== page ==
At a meeting they discuss visiting other planets, and almost everyone is reluctant to visit planet Earth, which hasn't been seen by any of them since the Napoleonic era: they see it as a very backward place, the most stupid people dominate the rest, the only use a tenth of their brain cells, it's full of pollution and still uses money, wages wars, believes women are inferior to men, has racists and other social inequalities. However, Mila knows that her mother was born there and would like to visit it. They wave her off as she flies away in a bubble.
She lands in the centre of Paris, but in a park. Venturing out she is horrified to see polluting cars and rubbish on the streets, and the unfriendliness of the people. She asks a shopkeeper something but she isn't understood, so she tries the different Earthly languages stored in her head until she finds French. She is given a sandwich to eat but it only makes her sick because it's basically junk food: she can only 'recharge' by holding a new-born baby, which she does by finding a maternity ward and caressing a baby until the head of department, Max (Vincent Lindon) threatens to call the police: she then uses a movement of her head to 'disconnect' Max, meaning that he transforms into a perfectly understanding, reasonable human being: all the way through the film, figures of authority are treated as ignorant villains whose essential job is to keep people down. In other words, this is a film with not only an egalitarian message, but a peaceful anarchistic one: we have all been brainwashed into believing the consumerist ethos that more means better, and in the process we have lost our humanity.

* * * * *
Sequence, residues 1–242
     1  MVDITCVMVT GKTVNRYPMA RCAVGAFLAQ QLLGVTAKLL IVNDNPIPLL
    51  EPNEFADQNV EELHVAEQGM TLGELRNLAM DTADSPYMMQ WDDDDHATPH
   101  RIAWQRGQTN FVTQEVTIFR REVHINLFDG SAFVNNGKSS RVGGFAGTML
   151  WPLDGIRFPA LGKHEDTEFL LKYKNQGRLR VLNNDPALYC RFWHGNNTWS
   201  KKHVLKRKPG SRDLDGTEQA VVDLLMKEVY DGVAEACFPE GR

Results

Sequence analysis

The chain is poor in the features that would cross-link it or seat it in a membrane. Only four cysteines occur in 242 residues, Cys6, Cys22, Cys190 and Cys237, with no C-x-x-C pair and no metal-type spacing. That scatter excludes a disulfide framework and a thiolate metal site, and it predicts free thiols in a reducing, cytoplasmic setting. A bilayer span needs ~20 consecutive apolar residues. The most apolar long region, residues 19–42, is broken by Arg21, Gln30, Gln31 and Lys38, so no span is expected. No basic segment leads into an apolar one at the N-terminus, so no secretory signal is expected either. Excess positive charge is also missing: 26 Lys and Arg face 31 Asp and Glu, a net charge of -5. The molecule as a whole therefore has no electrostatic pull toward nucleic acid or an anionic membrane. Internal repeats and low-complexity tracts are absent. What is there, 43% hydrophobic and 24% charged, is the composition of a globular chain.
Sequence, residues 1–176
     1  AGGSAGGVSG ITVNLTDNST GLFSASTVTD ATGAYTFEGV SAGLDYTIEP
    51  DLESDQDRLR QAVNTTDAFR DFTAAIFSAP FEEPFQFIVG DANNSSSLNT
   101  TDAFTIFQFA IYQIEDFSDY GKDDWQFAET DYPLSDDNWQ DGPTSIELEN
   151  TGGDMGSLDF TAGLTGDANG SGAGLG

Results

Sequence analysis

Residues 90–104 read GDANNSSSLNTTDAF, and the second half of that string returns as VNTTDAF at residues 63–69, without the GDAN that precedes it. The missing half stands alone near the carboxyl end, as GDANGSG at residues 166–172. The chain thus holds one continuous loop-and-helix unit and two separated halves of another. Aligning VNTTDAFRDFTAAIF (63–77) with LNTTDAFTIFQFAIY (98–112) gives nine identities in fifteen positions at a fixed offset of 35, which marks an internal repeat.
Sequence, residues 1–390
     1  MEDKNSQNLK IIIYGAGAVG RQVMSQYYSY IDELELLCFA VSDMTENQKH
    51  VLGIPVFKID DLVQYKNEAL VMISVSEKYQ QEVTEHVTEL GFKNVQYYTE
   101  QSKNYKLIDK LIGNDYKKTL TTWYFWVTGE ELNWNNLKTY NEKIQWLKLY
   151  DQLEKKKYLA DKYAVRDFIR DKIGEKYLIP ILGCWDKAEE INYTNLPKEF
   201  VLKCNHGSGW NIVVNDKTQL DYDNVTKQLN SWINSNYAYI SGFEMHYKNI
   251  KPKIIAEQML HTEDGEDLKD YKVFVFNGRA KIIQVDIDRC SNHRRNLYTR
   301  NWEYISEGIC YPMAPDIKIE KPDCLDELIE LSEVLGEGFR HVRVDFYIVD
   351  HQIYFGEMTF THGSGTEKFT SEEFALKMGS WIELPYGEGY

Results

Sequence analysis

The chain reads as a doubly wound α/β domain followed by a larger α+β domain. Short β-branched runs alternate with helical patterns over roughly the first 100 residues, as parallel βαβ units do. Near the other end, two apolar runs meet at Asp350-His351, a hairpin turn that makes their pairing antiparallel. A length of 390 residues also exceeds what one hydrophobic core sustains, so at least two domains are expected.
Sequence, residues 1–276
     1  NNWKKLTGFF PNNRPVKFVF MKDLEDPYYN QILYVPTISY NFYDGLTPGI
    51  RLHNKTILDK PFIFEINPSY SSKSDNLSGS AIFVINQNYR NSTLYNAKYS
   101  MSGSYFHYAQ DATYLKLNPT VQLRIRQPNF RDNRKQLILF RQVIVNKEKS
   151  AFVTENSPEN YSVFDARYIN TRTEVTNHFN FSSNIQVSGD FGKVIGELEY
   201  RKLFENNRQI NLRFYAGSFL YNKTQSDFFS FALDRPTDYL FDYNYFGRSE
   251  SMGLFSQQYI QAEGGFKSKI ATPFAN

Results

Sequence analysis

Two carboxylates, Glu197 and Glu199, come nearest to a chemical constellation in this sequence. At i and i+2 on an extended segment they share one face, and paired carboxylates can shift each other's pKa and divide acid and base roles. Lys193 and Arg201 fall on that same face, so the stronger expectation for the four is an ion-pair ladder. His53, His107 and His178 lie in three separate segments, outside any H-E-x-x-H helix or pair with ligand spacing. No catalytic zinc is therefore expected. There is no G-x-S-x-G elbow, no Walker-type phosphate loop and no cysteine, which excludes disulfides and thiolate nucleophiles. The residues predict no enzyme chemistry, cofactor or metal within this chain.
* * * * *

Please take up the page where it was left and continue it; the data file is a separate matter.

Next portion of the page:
Obviously the film is not without its faults, and the (accidentally) disconnected orchestra scene and the (deliberately) disconnected football game (excellent though the latter is by deriding the stupidity of sport) go on for far too long. Having said that, this is a hugely original and inventive film. My only regret is that many viewers will just see it in terms of entertainment and not in terms of very strong social satire. This is not Les Visiteurs.